The Academy and Convent was a community comprised mostly of women. They were strong and independent and tried to impress the idea that women could have those important qualities upon the Novices and students. One woman stated, "I learned from a long heritage that the difference between male and female was just that they were male and female, that they weren't any cleverer, intellectually." (S. Scott) The connection to the Mother House in Lachine remained strong, and these ties to their Foundress and their peers was important to the Sisters. It is telling that reunions continue to bring alumnae from distant shores, to see their fellow St. Ann's teachers, classmates and roommates, for they too developed a connection, through a common experience.
Life was not always about work. The Sisters planned great celebrations. Feasts marked the important dates on the religious calendar, and food, although simple, was carefully prepared for these occasions. Graduation parties and banquets were staged for student accomplishments. It was the task of the Grade 11 class to come up with a theme and decorations for the Grade 12 dinner. During the final two graduations at the high school, the Middle Ages and a 1920s Speak Easy, complete with servers dressed as flappers, were great successes. Mini carnivals, music and games were played out in the halls. Everyone came together in the chapel, beautiful, serene and often called "the heart of St. Ann's". It must therefore have been the heart of the community.
Many aspects to the constant support of other women made even the most trying times bearable. There was a hierarchy within the Convent, with women who were assigned to different types of duties and others who had more crucial responsibilities and decision-making powers. However, they attempted to live harmoniously and to find a balance that would enhance their order.
Very little is known about the many lay persons that worked at the Academy. These were the staff members who had chosen life at the convent, but had not become part of the religious order. From Mary Mainville, who arrived with the first four Sisters in 1858, to the service men who maintained the building, to the teachers of art, literature, science and a myriad of other subjects during the school's long history, these people also played a vital role at St. Ann's, one that is constantly overshadowed by other aspects of the Academy's history.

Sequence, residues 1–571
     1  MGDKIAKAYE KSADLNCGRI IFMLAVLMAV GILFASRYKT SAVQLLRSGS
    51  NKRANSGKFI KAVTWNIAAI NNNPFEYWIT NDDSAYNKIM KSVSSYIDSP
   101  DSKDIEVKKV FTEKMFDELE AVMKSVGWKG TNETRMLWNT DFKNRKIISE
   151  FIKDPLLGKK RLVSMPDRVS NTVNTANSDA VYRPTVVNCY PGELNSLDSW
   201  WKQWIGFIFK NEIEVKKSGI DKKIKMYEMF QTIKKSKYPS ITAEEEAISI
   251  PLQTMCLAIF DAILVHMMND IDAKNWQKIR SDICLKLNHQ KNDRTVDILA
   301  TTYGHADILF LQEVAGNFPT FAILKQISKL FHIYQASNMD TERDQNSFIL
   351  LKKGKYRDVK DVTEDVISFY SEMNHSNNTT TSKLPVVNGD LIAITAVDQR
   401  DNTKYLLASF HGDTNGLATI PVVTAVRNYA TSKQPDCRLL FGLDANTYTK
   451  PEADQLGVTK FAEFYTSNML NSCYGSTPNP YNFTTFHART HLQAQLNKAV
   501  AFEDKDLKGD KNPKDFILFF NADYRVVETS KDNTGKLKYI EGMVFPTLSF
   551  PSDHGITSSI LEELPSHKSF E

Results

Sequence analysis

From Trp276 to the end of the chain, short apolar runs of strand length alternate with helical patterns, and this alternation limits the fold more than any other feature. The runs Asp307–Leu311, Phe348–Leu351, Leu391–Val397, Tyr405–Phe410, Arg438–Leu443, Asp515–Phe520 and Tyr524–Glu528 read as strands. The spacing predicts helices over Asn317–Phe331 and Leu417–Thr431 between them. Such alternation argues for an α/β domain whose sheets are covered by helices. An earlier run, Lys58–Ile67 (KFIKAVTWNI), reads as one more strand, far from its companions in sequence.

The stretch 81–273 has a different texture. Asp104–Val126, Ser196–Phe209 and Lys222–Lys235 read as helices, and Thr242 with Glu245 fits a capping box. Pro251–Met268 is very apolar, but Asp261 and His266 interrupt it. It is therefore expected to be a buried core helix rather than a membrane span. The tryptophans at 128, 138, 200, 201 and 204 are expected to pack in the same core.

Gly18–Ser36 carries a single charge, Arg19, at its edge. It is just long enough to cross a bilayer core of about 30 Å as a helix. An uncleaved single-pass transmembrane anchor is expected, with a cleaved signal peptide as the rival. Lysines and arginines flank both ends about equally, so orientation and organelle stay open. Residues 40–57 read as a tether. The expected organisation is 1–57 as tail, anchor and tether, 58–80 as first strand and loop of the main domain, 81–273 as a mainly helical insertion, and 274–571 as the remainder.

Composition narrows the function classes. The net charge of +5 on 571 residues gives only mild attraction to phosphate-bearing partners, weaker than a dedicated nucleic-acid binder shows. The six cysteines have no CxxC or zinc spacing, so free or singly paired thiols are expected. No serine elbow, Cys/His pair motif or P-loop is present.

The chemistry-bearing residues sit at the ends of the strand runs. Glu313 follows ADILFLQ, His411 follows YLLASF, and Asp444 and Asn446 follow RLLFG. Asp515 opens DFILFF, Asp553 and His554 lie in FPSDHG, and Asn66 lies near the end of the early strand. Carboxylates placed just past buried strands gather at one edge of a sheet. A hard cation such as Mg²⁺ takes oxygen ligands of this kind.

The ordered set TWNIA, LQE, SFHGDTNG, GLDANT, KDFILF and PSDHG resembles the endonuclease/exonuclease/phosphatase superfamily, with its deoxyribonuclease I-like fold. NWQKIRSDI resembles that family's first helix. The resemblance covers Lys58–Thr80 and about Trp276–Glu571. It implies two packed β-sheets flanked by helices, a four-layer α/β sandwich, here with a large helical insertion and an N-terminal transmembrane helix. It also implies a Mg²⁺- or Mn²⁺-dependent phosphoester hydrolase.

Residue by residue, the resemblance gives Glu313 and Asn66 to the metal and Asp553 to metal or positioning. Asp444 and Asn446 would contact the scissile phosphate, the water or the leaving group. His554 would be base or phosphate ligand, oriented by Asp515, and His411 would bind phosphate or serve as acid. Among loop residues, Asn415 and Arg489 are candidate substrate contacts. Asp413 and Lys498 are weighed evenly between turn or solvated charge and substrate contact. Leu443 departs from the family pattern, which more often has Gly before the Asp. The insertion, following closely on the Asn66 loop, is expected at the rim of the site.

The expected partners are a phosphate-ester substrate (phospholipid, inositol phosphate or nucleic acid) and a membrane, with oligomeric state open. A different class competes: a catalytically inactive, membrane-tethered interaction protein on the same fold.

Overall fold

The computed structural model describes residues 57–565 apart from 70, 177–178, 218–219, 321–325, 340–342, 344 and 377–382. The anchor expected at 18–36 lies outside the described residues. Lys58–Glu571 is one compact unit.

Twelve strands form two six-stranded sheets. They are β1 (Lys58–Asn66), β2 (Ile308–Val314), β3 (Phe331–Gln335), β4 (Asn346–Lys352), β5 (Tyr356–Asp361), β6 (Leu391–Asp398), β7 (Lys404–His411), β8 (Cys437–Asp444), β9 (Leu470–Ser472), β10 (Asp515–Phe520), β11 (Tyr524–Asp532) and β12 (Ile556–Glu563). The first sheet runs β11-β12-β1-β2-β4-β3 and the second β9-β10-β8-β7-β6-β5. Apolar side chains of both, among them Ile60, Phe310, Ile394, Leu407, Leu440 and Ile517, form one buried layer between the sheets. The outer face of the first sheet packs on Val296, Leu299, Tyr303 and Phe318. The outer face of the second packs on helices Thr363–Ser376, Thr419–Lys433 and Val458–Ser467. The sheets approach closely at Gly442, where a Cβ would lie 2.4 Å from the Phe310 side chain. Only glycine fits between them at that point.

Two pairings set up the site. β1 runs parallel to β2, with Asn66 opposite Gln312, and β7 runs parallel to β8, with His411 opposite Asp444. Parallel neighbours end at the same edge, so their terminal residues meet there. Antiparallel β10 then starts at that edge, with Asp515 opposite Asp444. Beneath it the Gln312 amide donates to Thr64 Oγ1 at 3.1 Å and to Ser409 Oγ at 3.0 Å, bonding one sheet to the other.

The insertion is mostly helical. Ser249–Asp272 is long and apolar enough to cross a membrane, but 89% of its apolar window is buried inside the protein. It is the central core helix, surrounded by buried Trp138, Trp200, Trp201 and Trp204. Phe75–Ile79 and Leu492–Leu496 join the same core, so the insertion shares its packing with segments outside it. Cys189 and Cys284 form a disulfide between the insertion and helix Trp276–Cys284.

There were many occasions when the girls got themselves into mischief. Sometimes their antics were amusing, and sometimes they tried the community spirit, as solutions were sought for 'bad behaviour'. A small bell, used in Belgium during World War I, was rung to draw the attention of the students, and when it came time for classes to commence and the bell hadn't sounded, it was cause for concern. When a Sister discovered the clapper was missing from the bell, she worried about the cost of replacement as well as the theft. An assembly was called and a student eventually came forth: she had been collecting the clappers as souvenirs, one for each year she had been registered at the school!
In another incident, the girls gathered for a party in the dorms, late at night. They laughed and ate snacks they had smuggled in. Although they were quiet, soon the entire boarding school was involved. They all returned to their beds, thinking they would get away with their soirée, until the next day, when a sheet was posted, for the girls who had the party to sign up for window washing duty. When the Sister saw all those names, she called the students together. She said, "I only have one thing to say. Next time, INVITE ME!"
The boarders formed a close bond. These students not only went to classes together, but they shared a living space. Whether they had the pink bedspreads of the little girls or the blue ones of the older girls, their closeness was like that of an extended family. Many boarders had a friendly relationship with the day students, and when the Academy stopped taking students to reside at the school in the final years, many were taken in by the families that lived nearby. There were spaces that were restricted to the resident students. In addition to the dorms themselves, the boarders had a lounge upstairs with a television and one on the main floor, which they redecorated themselves in the 1960s, in orange and brown, which was "just gorgeous at the time".